Our responses to stimuli become more appropriate. When our responses open, we become aware that there is a more direct and real communication taking place.
We are capable of making more direct contact with the texture of experience. We jettison the filters, protective gloves and goggles, and this naked intercourse is known as whole-hearted communication.
Yang dag pa’i ngag 18—whole-hearted communication—is concerned with opening our intercourse with the phenomenal world.
Because our intention has opened, the intricate problems we had about our honesty and dishonesty dissolve. We realise we have no need to be devious or deceitful. We can be forthright and direct about how we happen to find ourselves. This is extremely profound and subtle, but a corollary exists in terms of the development of maturity in human beings. Many people—in their adolescence—become concerned with self-image in a certain way that causes difficulties.
If I have an image of myself and I wish others to relate to that image rather with the reality of what I am – I will experience a wide variety of interpersonal conflict. I will also feel a high level of anxiety. I will feel undervalued, underrated, held in low esteem, slighted, snubbed, affronted, and insulted. As soon as I allow everyone to relate to me as I am – I feel relaxed and confident about who I am. The problem with wanting people to see me as better than I am is that I actually insult myself by so doing. What we are has to be fine – for the moment. We can always have some idea of improving. but we have to respect the base, the moment now. That is where we always begin. That is the point from which we grow. As soon as we begin to relax about who we are and how we are – we see that our deliberately contrived fictions had built barriers between us and the phenomena of our perception. These fictions insulated us from the texture of experience and denied us surface-to-surface contact.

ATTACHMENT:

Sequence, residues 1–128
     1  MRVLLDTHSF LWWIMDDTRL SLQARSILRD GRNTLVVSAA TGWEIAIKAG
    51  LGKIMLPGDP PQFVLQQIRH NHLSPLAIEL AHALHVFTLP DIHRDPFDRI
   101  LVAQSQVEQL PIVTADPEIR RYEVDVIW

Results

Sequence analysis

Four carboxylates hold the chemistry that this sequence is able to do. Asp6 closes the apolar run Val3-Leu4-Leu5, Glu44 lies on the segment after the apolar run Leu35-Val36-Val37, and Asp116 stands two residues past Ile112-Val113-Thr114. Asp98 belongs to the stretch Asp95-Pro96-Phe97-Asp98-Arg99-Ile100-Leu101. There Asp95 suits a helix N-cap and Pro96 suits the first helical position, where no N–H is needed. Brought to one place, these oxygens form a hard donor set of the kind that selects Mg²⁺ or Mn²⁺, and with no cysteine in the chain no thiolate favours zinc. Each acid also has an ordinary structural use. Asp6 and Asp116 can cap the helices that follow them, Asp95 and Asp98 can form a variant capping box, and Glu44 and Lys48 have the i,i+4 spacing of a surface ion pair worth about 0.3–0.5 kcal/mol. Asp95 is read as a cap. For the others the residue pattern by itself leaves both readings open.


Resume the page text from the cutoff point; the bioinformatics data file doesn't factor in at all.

With this understanding, speech becomes direct and open. We convey our intentions precisely without grandiosity, aggression, embroidery, deviousness, or ennui.
When communication opens, we experience less inhibition in our contact with the world. We become open to real involvement, which is known as whole-hearted conduct.